During FY2004, progress continued to be made in implementing the enhanced HIPC Initiative (Table 4.1) and reducing the debt burdens of poor countries:

  • Five additional countries reached their completion points (Ethiopia, Guyana, Nicaragua, Niger, and Senegal) during FY2004, taking the total to 13.

  • As of end-April 2004, about $52 billion had been committed in debt-service relief to the 27 countries that had reached their decision points. The debt stocks of these countries are projected to decline by about two-thirds as a result of debt relief under the HIPC Initiative.

  • Of the 14 countries that have reached their decision points but not their completion points, the majority are on track with their macroeconomic programs and have made progress in the implementation of their full Poverty Reduction Strategy Papers. Several are expected to reach their completion points by the end of calendar year 2004.

  • For the remaining 11 eligible HIPCs (9 of which are in Africa), the sunset clause of the enhanced HIPC Initiative is due to take effect at end-2004. Many of these countries are affected by conflict and, in some instances, have substantial arrears outstanding to various creditors. A few of these countries are moving toward establishing a track record of macroeconomic performance. Burundi started a PRGF arrangement in January 2004, and discussions for establishing a track record toward a PRGF arrangement by putting in place staff-monitored programs are under way for Comoros and the Republic of Congo. The Executive Boards of the Fund and the World Bank will consider later in 2004 options for addressing the sunset clause of the enhanced HIPC Initiative.

  • Topping up is provided under the Initiative to countries that have experienced a fundamental change in their economic circumstances during the interim period because of developments beyond their control. By the end of FY2004, the Boards of the World Bank and the Fund had agreed to provide topping up to Burkina Faso, Niger, and Ethiopia.

  • Three countries—Liberia, Somalia, and Sudan—have been in protracted arrears to the Fund, the World Bank, and other creditors for up to two decades. To date, no provision has been made for the HIPC grant resources that would be needed for these countries once they clear their arrears. Given the magnitude of their debt problems, achieving debt sustainability will require substantial additional resources from the international community. The mobilization of these resources could soon become urgent.

Table 4.1

Progress of Countries Under the HIPC Initiative, as of End-April 2004

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How the HIPC Initiative Works

To qualify for HIPC assistance, a country must pursue strong economic policies supported by the IMF and the World Bank. There are two phases. In phase I, leading up to the decision point, it needs to establish a track record of good performance (normally, over a three-year period) and develop a Poverty Reduction Strategy Paper or an Interim-PRSP. Its efforts are complemented by concessional aid from all relevant donors and institutions and traditional debt relief from bilateral creditors, including the Paris Club.

In this phase, the country’s external debt situation is analyzed in detail. If its external debt in net-present-value (NPV) terms, after the full use of traditional debt relief, is above 150 percent of exports (or, for small open economies, above 250 percent of government revenue), it qualifies for HIPC relief. At the decision point, the IMF and the World Bank formally decide on the country’s eligibility, and the international community commits itself to reducing the country’s debt to a sustainable level. A country reaches its completion point–the second phase–once it has met the objectives set up at the decision point. It then receives the balance of the debt relief committed. This means all creditors are expected to reduce their claims on the country, measured in NPV terms, to the agreed sustainable level.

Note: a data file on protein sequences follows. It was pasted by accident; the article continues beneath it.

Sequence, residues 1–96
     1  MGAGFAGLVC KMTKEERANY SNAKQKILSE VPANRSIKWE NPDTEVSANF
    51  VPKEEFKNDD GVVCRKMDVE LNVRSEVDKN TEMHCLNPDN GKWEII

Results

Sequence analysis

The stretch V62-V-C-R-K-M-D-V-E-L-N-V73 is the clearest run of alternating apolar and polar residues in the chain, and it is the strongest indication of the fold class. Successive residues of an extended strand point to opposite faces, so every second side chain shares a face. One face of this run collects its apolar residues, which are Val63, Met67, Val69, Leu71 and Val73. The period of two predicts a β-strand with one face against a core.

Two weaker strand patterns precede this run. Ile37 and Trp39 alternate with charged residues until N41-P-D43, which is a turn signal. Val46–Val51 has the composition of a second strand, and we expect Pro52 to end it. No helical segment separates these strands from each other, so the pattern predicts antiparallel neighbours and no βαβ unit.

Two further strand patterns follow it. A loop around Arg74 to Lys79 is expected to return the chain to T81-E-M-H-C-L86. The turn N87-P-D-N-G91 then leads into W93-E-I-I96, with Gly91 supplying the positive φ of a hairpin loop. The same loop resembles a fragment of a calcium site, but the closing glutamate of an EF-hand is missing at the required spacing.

Once it qualifies for HIPC relief, the country must continue its good track record with the support of the international community, satisfactorily implementing key structural policy reforms, maintaining macroeconomic stability, and adopting and implementing a poverty reduction strategy. Paris Club bilateral creditors reschedule obligations coming due, with a 90 percent reduction in NPV terms, and other bilateral and commercial creditors are expected to do the same. The IMF and the World Bank and some other multilateral creditors may provide interim debt relief between the decision and completion points.

Debt Sustainability for Low-Income Countries

Excessive debt in low-income countries poses serious problems. A debt overhang may undermine urgently needed progress on policy reforms and discourage private investment.

Donors and creditors can help low-income countries achieve debt sustainability, but the primary responsibility lies with the countries themselves. As they strive to reach the MDGs, low-income countries will need to preserve debt sustainability by limiting new borrowing to what they are able to repay and adopting better policies and institutions that help accelerate growth and gradually increase their resilience to exogenous shocks.

IMF staff, in collaboration with World Bank staff, have developed a debt sustainability framework for low-income countries. The aim of the proposed framework is to guide the borrowing decisions of these countries in a way that matches their need for funds with their current and prospective ability to service debt. At the same time, the framework provides guidance for the lending and grant-allocation decisions of official creditors and donors. Specifically, it combines (1) a template for analyzing the actual and projected debt-burden indicators in a baseline scenario and in the face of plausible shocks; and (2) indicative country-specific external debt-burden thresholds related to the quality of the country’s policies and institutions.